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CDC reports an increase in coronavirus among young people as colleges reopen



The Northeast recorded the highest peak in cases of the virus between 18 and 22 years, with an increase of 144%. Cases in the Midwest in that age group also increased dramatically, up 123%.

Also on Tuesday, a public university in North Carolina mourned the death of a student from complications following a covid-19 diagnosis.

As universities across the country resume classes this fall, the incidence of virus cases is being closely monitored to see if universities are increasing the spread of the novel coronavirus and what students and school officials can do to try and prevent it.

According to the CDC, about 45% of young people between the ages of 1

8 and 22 are enrolled in college. Colleges have come up with a wide range of plans, including efforts to drastically reduce communal housing, increase testing, and persuade students to distance themselves from others. Some schools have recorded thousands of cases, while others only report a handful.

The CDC also looked into the University of North Carolina at Chapel Hill, which saw a dramatic increase in cases early in the semester. Joint housing and student gatherings both on and off campus likely helped pool the cases, the agency concluded in a separate report released Tuesday.

The rapid spread of the disease in schools “underscores the urgent need for comprehensive mitigation strategies,” according to the report.

The CDC did not name the university, but school officials confirmed Wednesday that it was UNC-Chapel Hill.

Universities should take more precautions to prevent the spread of the novel coronavirus, the agency recommends, including reducing the number of people living in dormitories, ensuring people comply with public health guidelines, increasing testing for the virus, and discouraging students from meeting in groups.

Preventing the spread of the coronavirus in universities “presents a unique set of challenges due to the presence of congregated living environments and difficulties in limiting socialization and group meetings,” the report notes.

Very little coronavirus data was available in universities prior to August, as most schools closed abruptly last March, sending students home to finish spring classes online. In August, some universities reopened dormitories and classrooms to some extent, giving a look at what could happen.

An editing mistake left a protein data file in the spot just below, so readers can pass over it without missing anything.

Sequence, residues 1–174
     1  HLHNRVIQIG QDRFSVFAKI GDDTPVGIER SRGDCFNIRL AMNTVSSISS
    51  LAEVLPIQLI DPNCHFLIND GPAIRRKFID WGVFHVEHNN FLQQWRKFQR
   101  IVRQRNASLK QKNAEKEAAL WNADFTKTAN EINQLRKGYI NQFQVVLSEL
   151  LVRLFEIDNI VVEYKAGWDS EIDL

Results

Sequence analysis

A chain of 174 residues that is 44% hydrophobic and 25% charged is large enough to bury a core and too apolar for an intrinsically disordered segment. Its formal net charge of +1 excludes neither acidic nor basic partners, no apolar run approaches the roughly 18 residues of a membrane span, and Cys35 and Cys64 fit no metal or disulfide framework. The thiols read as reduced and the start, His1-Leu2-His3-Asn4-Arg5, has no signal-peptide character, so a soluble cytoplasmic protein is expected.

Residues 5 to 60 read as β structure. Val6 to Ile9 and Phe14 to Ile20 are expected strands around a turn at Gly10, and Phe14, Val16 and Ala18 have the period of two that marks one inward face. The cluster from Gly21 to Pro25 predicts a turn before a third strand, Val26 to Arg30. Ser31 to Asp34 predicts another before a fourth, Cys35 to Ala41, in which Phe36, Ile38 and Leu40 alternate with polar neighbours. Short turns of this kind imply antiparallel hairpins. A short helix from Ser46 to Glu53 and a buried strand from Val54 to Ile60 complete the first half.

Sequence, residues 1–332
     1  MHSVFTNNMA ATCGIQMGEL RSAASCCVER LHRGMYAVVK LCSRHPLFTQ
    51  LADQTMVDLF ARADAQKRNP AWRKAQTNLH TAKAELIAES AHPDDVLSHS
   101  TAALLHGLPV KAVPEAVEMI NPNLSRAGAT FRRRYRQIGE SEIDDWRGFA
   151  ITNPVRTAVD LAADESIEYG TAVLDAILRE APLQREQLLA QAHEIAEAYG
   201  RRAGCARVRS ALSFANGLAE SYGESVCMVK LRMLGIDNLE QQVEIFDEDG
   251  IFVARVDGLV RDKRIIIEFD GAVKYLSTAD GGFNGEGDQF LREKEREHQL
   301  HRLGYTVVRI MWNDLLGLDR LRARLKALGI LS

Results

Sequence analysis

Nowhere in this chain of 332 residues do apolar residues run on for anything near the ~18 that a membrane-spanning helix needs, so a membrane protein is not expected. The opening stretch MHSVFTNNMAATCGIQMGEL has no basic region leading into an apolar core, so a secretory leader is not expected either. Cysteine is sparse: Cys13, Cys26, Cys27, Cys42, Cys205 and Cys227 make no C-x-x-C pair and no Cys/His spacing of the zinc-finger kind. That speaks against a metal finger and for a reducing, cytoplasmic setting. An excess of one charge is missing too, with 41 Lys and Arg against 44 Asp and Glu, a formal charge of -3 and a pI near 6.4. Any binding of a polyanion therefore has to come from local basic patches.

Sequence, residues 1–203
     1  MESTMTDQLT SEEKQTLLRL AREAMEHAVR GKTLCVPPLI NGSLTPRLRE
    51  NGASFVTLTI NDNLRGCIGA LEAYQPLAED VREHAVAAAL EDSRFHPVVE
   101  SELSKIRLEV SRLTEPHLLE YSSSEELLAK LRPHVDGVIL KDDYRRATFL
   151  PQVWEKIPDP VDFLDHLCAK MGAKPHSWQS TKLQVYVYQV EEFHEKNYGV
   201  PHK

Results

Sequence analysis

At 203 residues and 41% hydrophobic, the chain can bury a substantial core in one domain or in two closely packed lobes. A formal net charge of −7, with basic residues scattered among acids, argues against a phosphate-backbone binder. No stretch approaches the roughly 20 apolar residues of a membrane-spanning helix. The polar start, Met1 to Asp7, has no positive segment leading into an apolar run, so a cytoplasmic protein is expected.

At UNC-Chapel Hill, the start of the school year in August felt very different from normal, with masked students, much of the education online, and far fewer students in the dorms. However, 5,800 students lived on campus and many more lived nearby in and around Chapel Hill.

And just a week after class started, faced with a spike in cases among students in three dorms and a fraternity house, school officials announced a reversal and implementation of virtual education.

“As one of the first universities to open up and address the challenges, we wanted to share the insights gained from our COVID-19 experience with other universities to learn from,” Audrey E. Pettifor, epidemiologist at the Gillings School of Global Public Health at UNC -Chapel Hill and one of the authors of the CDC report, said Wednesday in a written statement. “Clearly this model of universities that open and then see infections is happening all over the country.”

“Working closely with campus health, the UNC faculty, UNC hospitals, the Orange County Health Department, the North Carolina State Health Department, and the CDC is an important part of learning in situations. like this one, “the statement states. “As a result, we are building stronger systems to address the COVID-19 pandemic and future pandemics.”

A spokesperson for North Carolina State University, which pivoted just as abruptly days after the UNC amid a growing number of coronavirus cases on campus, did not immediately respond to a request for comment.

On Tuesday, the Chancellor of Appalachian State University in western North Carolina announced that a student, Chad Dorrill, had died after suffering complications from Covid-19. His family told the university that this month he had been diagnosed with coronavirus while taking online classes and living off campus near the school, he returned home to recover but suffered complications after returning to Boone, NC, where he find the school.

“Her family’s wishes are for the university to share a common call for action,” Sheri Everts, Chancellor of the State of Appalachia, said in a statement, “so the entire campus community recognizes the importance of following the protocols. security and COVID-19 guidelines “.

University of North Carolina System President Peter Hans echoed Everts’ call to remain vigilant about safety behaviors. “Any loss of life is a tragedy,” Hans said in a statement, “but the grief gets particularly deep as we mourn a young man who had so much life ahead of him.”

Everts said many had told the student’s family that “I wear my mask for Chad”. “Please allow us to honor Chad and its contribution,” Everts wrote, “by taking care of ourselves and our community.”


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